An unspeakable horror lurks in the secluded hills of rural Vermont, and after the historic floods of 1917, mixed in with news stories of human loss and suffering are multiple reports of weird, sponge-like life-forms floating in a local river. Albert Wilmarth, a literature professor and folklore expert, responds to the claims with a healthy dose of skepticism and chalks up the sightings to naive locals mistaking storm-battered human remains for imagined aliens washing down from the hills.
But Wilmarth agrees to take a closer look after he receives a letter from Henry Akeley, a reclusive academic who lives near the hills and claims to have proof of the aliens' existence. As the two men correspond, the tone becomes ominous when Akeley's letters are mysteriously intercepted, and unseen forces attack his farmhouse at night. After gunfire erupts and Akeley’s guard dogs are killed, he begins making plans to flee from his home.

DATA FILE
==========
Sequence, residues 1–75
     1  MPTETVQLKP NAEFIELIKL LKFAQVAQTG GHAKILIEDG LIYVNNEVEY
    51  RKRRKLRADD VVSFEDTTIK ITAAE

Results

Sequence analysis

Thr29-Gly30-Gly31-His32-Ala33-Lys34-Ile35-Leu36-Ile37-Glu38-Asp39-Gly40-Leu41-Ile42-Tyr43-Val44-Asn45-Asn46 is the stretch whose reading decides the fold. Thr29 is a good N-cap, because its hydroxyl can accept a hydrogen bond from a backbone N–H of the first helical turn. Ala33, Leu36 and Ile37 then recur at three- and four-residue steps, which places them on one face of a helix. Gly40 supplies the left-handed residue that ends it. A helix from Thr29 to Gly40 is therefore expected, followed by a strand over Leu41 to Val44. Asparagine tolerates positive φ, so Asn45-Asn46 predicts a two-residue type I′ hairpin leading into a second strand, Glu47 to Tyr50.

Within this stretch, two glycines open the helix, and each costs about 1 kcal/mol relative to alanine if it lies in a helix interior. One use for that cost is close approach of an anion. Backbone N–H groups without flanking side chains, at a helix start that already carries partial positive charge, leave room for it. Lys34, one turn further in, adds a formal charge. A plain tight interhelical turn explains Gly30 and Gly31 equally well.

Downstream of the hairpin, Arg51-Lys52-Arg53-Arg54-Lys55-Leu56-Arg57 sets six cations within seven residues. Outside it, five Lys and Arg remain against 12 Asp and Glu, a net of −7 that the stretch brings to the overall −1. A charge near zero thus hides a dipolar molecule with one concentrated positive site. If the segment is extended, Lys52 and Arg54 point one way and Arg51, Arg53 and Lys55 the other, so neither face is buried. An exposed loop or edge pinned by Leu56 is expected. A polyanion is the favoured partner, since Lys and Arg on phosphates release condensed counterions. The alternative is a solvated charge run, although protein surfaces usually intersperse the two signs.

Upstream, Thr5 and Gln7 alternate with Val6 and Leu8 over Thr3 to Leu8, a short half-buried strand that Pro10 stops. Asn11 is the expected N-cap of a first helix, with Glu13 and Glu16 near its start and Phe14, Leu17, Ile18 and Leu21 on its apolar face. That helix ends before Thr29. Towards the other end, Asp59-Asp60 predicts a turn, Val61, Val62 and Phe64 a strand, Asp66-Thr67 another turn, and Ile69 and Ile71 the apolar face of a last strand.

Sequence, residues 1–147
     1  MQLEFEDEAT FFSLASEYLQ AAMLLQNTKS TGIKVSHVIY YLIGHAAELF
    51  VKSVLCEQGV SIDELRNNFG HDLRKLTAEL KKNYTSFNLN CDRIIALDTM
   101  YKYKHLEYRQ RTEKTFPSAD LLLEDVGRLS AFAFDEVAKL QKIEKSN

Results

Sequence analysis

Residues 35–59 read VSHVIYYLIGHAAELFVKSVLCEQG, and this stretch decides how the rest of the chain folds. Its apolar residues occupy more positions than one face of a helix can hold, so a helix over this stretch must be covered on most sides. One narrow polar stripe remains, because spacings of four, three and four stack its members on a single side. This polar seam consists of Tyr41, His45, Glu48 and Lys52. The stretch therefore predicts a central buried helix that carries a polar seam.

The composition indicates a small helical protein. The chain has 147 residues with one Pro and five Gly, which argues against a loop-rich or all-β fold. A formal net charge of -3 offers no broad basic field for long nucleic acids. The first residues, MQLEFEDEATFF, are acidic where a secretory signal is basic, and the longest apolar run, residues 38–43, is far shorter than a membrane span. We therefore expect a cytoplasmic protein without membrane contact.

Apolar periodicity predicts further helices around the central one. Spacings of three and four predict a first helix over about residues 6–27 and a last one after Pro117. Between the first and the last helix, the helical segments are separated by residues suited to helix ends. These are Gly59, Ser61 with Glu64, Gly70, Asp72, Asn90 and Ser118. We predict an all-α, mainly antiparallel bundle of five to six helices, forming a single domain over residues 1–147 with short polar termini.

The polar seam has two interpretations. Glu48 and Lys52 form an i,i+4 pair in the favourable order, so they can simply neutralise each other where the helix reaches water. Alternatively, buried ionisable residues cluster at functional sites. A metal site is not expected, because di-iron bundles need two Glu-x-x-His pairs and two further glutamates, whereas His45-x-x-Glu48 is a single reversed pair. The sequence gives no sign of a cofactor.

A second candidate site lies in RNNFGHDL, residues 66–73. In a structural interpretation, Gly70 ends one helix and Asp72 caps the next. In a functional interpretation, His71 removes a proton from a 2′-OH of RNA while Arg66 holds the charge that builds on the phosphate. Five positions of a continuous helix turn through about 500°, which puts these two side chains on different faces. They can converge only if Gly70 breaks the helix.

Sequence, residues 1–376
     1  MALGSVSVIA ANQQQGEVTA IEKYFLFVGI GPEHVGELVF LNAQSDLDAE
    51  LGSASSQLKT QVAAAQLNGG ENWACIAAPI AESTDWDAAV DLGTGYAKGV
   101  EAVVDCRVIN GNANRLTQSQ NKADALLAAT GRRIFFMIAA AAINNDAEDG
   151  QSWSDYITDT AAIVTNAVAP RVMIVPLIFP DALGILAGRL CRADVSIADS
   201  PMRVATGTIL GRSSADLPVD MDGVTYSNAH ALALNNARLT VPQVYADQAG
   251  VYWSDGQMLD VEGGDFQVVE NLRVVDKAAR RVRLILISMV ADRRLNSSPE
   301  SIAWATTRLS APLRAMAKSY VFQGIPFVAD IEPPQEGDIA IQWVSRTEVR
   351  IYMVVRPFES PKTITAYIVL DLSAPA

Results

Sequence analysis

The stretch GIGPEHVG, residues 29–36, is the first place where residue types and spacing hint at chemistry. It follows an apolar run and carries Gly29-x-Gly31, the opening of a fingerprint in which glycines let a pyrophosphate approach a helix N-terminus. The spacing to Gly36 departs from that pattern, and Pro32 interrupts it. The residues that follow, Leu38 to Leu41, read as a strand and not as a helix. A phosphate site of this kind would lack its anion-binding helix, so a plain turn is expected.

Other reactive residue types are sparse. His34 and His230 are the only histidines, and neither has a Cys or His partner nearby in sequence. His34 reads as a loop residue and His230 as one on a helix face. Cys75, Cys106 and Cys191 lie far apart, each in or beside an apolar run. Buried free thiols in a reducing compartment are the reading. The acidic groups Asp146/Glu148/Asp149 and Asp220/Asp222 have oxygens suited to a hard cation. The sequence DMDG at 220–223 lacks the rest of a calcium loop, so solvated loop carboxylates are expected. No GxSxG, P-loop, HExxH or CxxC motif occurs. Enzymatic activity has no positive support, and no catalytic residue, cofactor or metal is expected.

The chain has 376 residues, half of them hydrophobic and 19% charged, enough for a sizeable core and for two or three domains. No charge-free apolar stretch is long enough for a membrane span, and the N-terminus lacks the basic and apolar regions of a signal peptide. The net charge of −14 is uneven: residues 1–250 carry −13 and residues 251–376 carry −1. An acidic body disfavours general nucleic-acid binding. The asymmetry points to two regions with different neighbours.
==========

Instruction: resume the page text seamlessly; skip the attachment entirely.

Wilmarth is baffled by Akeley’s next letter, praising the aliens and calling them benevolent. He urges Wilmarth to take a train to his Vermont farm for a meeting and asks that he bring with him the letters, photos, and other evidence Akeley had sent to prove that aliens lurked in the hills.
Within hours of his arrival, Wilmarth becomes a terrified believer and flees the farmhouse in fear for his life. When he returns with the local sheriff, Akeley has vanished and so has the proof of the alien's existence.
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